Is Two Factor Authentication a Waste of Time?
Not All MFA Methods are Created Equal

Over the past few years, people have been advised to replace the passwords they use to access cloud services, with two-factor authentication or ‘two step verification’. This is because the majority of data breaches to cloud services are the result of compromised passwords. But as evident in the takeover of Jack Dorsey’s Twitter account , the SMS two step verification that was in place for Dorsey’s account, didn’t provide the expected protection and hackers were able to take over his account nonetheless. Does that mean MFA is overrated as an effective method for securing cloud accounts? Turns out that not all MFA methods are created equal. Dorsey was using SMS-based two-step verification. When logging into his account, an SMS code was sent to his phone. In the Twitter case, the hackers succeeded in carrying out an ‘SMS Swap’ attack: they likely bribed or persuaded an employee of Dorsey’s mobile phone carrier to transfer his number to a phone in their possession. The SMS code was then sent to the hacker’s device, and was used to get into Dorsey’s account.

Two factor authentication is still the best way to protect your account. But not necessarily SMS-based MFA. In 2016, NIST determined based on extensive independent research that redirecting and intercepting SMS messages has become too easy and can be operated at scale. As a result NIST has deprecated SMS-based authentication advising that it is not secure. . Paul Grassi, who at the time was senior standards and technology advisor at NIST said then, “We don’t want you to use SMS as a second factor, but we absolutely want two-factor authentication, in fact, we recommend it for all levels of assurance.”

If Not SMS,  What Kind of Two-Step Verification Should You Use?
For mobile phones, the easiest and most secure method, is PUSH OTP, using an OTP app that is installed on a smart phone. With OTP technology, the cryptographic secret that generates the security code is highly secured within the app, and the app is securely tied to the physical device. Unlike SMS, this technology doesn’t rely on the mobile carrier to deliver the security code. Even if the phone number were to be transferred to another device, the malicious actor would still not be able to generated security codes using the app.  So what should you look for when evaluating OTP and Push based two factor authentication?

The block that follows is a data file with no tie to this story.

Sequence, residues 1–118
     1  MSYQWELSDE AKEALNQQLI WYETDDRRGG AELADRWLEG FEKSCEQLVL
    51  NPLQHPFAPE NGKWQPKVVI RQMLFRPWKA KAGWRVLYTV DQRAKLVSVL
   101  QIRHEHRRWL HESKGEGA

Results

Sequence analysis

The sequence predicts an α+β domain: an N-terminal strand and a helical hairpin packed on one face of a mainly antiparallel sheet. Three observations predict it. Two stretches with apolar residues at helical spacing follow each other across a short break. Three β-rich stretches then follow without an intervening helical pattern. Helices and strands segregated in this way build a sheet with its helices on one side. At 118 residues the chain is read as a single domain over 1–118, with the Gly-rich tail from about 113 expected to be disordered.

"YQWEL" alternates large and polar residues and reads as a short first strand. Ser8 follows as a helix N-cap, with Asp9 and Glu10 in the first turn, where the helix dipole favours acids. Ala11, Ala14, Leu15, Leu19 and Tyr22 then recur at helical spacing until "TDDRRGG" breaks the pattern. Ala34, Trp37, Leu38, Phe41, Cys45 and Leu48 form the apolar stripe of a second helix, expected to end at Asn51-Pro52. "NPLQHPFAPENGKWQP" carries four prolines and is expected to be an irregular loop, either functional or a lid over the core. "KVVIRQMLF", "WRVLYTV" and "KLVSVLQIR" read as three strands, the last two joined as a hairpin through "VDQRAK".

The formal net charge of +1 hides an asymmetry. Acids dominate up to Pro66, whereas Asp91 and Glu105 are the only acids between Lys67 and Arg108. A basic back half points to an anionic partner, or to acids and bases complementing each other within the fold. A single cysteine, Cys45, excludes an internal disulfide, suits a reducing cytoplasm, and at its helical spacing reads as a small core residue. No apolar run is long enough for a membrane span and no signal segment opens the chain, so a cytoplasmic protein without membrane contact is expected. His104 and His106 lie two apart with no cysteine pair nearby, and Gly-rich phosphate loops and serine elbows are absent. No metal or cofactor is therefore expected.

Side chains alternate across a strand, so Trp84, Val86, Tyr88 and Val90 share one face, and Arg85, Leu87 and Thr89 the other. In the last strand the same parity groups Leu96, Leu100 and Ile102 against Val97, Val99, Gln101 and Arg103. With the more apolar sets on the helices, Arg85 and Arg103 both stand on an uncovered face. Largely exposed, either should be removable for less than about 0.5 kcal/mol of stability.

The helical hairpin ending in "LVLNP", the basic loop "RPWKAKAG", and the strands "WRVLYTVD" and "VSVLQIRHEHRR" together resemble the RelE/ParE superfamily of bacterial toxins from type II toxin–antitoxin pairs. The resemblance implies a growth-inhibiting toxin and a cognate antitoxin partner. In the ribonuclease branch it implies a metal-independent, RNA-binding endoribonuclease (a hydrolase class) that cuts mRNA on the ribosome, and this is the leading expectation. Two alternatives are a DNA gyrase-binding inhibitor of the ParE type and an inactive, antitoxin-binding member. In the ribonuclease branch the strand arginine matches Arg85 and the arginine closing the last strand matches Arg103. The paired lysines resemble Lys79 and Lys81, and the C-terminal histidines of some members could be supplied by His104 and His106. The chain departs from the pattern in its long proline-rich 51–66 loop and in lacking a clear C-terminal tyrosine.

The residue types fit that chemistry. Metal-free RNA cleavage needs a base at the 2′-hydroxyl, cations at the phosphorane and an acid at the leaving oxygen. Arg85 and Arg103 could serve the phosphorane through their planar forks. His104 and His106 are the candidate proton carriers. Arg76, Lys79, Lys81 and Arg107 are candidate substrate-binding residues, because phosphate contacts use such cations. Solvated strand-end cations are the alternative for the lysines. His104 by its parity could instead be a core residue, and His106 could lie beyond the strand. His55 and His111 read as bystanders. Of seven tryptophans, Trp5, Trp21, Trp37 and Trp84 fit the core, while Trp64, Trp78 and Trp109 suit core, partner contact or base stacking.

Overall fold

1. Make sure the OTP app cannot be backed up to an external drive or copied to another device. Apps that allow this don’t have the built in security to ensure the apps can only be used on a specific and intended device.  So always make sure that the OTP app is encrypted, protected and tied cryptographically to a specific mobile device.
  2. Make sure the OTP app supports secure app enrollment and activation:  In order for the security code to be protected and secured when a user installs the app, the app installation process needs to be encrypted.  Otherwise, the cryptographic module that generates the security codes could be at risk. Some vendors carry out an OS check before allowing the app to be installed on the intended mobile device. However, if the app can be copied to a malicious device that complies with the OS rules, this kind of workaround  wouldn’t be of any help in protecting the integrity of the app itself.

To sum, when developed with the best built-in security, PUSH OTP-based two-factor authentication is a highly effective way of protecting apps and cloud services, and overcoming the weaknesses of passwords. It offers both security and an easy and convenient way of logging into apps – check it out for yourself in this video showing how PUSH OTP can secure your O365 account.

View the original post by Gemalto.

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